Columba and my calling.

A fierce dove racing in a fiercer gale

A fierce dove racing in a fiercer gale

June the 9th is Saint Columba’s day, a saint who has a special place for me, as somehow, he feels bound up in my own journey to Faith. When I was 19, and moving from a formerly thorough atheism, towards a greater spiritual openness, but by no means yet a Christian, I went for a long slow walk round Ireland. I went without a map because the Zen practice in which I was interested at the time, and on which I still draw in prayer, was always emphasizing ‘The map is not the reality”! You must utterly and absolutely be in the place you’re in, and let that place be what it is and teach what it has to teach without any overlay from your maps and preconceptions. So I took that literally and walked round Ireland without  a map, just keeping the sea on my left! One evening, St. John’s Eve it was, right at the end of my journey, I came round a headland at sunset into a beautiful little bay and inlet on the west coast in Donegal, just as the fires were being lit around the headlands for St. Johns Eve, and there was drinking and fiddle playing and dancing round the fires that evening. And I asked where I was, and they said Glencolmcille, and I felt a sudden quickening and sense of connection, as though a memory stirred. And they asked me my name and I said ‘Malcolm’, and they said, ‘Ah that is why you have come, because he has called you’, and I said ‘who?’ and they said ‘Colm has called you, Malcolm, for this is the place he fought his battle and gathered his disciples and from here he left for the white martyrdom and Scotland. And they told me the story of St. Columba, and the battle he had fought, of his repentance, his self-imposed exile, his journey with twelve disciples from this glen to Scotland where he founded the abbey of Iona from whence Scotland and much of the north of England was converted. ‘Of course he is calling you here’, they said, ‘for your name, in Gaelic means servant of Columba. And as they spoke I remembered at last, right back into my childhood, how I had been told stories about this saint, and how I was named for him, and how my grandmother had published poems about him and sung her lullaby for the infant Columba over me as a child. I wandered down to the shore whence he had set sail and felt how thin the veil was, how something of heaven, whatever heaven might be, seemed to glimmer through the sky and the sea itself in this place. And I thought: ‘I’m not a Christian, and I don’t see how I could ever become one, but if I do ever become one, I’ll remember Columba and I’ll go to Iona and thank him’. Which I did, and I did. Now here’s my sonnet for the saint. This poem is now collected in my book The Singing Bowl from Canterbury Press which you can get on amazon, or better still, order from your local bookshop! If you are in Canada you can get it direct from the excellent Steve Bell’s online store Here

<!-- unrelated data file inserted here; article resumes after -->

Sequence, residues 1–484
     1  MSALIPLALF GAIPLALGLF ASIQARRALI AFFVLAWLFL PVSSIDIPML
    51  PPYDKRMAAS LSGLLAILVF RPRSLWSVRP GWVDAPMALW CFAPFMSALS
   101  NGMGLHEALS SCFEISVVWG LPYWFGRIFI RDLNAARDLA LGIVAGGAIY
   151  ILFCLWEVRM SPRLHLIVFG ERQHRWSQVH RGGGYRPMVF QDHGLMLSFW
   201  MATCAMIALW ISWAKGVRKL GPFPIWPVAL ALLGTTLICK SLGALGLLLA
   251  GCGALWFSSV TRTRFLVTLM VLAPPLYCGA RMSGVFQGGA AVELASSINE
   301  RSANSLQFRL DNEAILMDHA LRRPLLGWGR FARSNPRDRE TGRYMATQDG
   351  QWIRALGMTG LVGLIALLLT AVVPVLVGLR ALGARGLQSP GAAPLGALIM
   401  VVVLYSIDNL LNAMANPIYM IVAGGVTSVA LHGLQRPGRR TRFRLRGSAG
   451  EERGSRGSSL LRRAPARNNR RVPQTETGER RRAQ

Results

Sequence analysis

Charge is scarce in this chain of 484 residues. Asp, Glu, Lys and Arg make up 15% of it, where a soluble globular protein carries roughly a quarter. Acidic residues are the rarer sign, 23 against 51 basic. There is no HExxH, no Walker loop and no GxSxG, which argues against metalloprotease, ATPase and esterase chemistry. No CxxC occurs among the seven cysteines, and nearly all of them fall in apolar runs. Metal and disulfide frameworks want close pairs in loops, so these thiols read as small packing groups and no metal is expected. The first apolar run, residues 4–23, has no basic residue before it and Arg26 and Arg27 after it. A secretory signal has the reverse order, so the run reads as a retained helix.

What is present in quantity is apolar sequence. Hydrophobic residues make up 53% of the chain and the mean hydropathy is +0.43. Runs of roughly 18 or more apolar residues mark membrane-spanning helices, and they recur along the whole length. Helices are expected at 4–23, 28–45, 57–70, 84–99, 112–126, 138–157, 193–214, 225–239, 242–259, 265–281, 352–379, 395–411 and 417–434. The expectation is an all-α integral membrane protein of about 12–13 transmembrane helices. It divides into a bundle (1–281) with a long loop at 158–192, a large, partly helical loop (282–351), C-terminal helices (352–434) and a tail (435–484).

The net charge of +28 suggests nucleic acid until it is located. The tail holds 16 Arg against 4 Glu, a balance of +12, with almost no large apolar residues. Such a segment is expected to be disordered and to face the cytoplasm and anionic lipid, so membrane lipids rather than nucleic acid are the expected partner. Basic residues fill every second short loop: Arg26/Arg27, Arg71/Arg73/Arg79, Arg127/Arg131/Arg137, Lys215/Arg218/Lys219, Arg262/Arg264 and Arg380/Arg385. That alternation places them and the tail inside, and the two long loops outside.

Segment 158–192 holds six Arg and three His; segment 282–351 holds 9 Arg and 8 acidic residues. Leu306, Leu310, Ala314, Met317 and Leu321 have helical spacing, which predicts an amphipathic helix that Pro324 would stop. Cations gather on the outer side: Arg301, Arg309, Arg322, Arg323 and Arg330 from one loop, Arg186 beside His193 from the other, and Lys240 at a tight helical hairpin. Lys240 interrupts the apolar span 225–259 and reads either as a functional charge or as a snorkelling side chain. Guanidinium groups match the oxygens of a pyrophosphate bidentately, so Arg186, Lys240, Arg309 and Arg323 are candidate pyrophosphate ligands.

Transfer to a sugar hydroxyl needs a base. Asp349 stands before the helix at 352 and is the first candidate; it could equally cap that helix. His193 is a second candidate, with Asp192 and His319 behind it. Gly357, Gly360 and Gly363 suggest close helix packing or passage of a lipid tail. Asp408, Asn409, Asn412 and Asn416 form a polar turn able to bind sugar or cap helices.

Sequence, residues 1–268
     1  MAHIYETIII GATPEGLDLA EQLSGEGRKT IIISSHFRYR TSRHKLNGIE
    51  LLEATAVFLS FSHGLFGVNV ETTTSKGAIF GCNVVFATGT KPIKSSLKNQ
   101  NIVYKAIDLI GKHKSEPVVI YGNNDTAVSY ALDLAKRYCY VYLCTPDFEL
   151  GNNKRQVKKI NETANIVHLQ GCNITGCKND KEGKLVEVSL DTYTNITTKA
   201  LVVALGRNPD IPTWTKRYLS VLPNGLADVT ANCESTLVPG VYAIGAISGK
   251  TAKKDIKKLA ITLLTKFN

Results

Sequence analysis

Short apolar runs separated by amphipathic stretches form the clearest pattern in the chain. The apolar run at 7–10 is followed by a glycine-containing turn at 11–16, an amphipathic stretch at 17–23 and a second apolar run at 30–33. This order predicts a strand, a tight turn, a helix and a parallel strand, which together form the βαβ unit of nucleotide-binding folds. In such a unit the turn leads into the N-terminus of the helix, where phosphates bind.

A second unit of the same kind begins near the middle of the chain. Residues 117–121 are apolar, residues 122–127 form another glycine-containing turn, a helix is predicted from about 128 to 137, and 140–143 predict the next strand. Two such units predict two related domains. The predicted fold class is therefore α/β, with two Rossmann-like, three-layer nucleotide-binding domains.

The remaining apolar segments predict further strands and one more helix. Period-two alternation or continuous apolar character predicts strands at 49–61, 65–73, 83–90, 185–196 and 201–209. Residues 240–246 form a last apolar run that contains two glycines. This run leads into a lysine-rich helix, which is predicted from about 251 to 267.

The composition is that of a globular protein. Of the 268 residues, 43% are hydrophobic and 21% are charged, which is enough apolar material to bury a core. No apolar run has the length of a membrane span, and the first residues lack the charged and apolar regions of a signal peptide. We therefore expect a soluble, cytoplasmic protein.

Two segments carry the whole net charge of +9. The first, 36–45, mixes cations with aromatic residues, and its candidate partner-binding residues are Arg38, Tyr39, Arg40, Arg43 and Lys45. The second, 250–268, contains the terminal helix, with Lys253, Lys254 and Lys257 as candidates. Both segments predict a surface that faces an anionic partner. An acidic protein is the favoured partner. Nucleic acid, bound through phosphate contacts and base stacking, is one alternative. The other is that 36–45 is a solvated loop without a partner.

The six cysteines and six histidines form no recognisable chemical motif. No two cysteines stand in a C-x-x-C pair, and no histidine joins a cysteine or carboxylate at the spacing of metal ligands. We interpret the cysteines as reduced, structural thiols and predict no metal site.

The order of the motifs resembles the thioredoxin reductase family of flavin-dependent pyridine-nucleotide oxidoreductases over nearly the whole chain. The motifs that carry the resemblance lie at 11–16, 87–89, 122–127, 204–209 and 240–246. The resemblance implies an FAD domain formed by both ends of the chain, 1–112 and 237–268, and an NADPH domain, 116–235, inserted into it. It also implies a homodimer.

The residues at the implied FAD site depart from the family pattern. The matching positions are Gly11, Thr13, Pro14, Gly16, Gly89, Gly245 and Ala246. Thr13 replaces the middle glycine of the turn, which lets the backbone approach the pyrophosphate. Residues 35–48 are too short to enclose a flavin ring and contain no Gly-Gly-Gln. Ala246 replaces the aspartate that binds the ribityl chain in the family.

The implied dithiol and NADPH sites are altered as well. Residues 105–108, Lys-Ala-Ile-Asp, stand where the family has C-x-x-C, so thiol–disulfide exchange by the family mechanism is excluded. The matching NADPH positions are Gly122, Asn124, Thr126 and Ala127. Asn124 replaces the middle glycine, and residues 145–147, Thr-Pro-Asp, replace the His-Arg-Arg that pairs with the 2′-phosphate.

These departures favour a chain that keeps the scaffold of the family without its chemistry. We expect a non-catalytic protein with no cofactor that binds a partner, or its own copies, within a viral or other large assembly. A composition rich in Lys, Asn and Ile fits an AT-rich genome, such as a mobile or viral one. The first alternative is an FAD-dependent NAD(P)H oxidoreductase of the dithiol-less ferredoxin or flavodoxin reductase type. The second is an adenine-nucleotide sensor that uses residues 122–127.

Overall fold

You called me and I came to Colmcille

To learn at last the meaning of my name

Though you yourself were called, and not the caller,

He called through you and when He called I came,

Came to the edge at last, in Donegal,

Where bonfires burned and music lit the flame

As from the shore I glimpsed that ragged sail

The Spirit filled to drive you from your  home,

A fierce dove racing in a fiercer gale,

A swift wing flashing between sea and sky.

And with that glimpse I knew that I  would fly

And find you out and serve you for a season,

My heaven hidden like your native isle,

Though somehow glimmering on each horizon.

Glencolmcille, scene of a small epiphany

Glencolmcille, scene of a small epiphany


Filed under christianity, imagination

25 responses to “Columba and my calling.

  1. matthia langone

    this is so beautiful and so real, how great you shared this. thank you Ciao matthia Date: Mon, 9 Jun 2014 12:07:02 +0000 To: